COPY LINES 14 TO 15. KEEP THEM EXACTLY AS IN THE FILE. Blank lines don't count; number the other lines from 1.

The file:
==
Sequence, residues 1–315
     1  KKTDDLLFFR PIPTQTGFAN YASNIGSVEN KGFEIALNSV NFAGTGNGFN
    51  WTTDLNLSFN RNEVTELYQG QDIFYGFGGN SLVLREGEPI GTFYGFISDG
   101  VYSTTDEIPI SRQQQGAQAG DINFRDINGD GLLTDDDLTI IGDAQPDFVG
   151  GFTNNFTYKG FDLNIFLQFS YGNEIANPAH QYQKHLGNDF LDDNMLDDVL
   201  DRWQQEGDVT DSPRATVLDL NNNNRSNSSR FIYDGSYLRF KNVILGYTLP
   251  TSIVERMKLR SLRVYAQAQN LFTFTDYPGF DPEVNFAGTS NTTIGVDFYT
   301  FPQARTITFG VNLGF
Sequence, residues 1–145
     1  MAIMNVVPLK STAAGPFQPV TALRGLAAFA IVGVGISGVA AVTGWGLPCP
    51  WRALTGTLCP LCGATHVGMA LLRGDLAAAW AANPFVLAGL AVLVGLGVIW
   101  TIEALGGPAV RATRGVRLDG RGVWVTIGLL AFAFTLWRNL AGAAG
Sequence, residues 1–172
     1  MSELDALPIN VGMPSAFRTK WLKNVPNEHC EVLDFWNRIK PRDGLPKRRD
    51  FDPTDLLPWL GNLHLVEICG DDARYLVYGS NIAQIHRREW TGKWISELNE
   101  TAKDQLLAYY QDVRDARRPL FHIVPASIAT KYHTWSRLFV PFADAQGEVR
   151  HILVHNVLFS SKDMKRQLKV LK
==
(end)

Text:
     1  MSELDALPIN VGMPSAFRTK WLKNVPNEHC EVLDFWNRIK PRDGLPKRRD
    51  FDPTDLLPWL GNLHLVEICG DDARYLVYGS NIAQIHRREW TGKWISELNE